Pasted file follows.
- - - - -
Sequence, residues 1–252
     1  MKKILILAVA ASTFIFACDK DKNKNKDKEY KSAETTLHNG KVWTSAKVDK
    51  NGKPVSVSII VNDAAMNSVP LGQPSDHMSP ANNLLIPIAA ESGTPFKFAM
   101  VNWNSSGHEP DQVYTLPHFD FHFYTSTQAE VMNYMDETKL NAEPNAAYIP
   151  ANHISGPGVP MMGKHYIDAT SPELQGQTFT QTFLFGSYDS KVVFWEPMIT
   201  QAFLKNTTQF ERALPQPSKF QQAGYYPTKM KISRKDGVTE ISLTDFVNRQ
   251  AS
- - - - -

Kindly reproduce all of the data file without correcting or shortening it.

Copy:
Sequence, residues 1–252
     1  MKKILILAVA ASTFIFACDK DKNKNKDKEY KSAETTLHNG KVWTSAKVDK
    51  NGKPVSVSII VNDAAMNSVP LGQPSDHMSP ANNLLIPIAA ESGTPFKFAM
   101  VNWNSSGHEP DQVYTLPHFD FHFYTSTQAE VMNYMDETKL NAEPNAAYIP
   151  ANHISGPGVP MMGKHYIDAT SPELQGQTFT QTFLFGSYDS KVVFWEPMIT
   201  QAFLKNTTQF ERALPQPSKF QQAGYYPTKM KISRKDGVTE ISLTDFVNRQ
   251  AS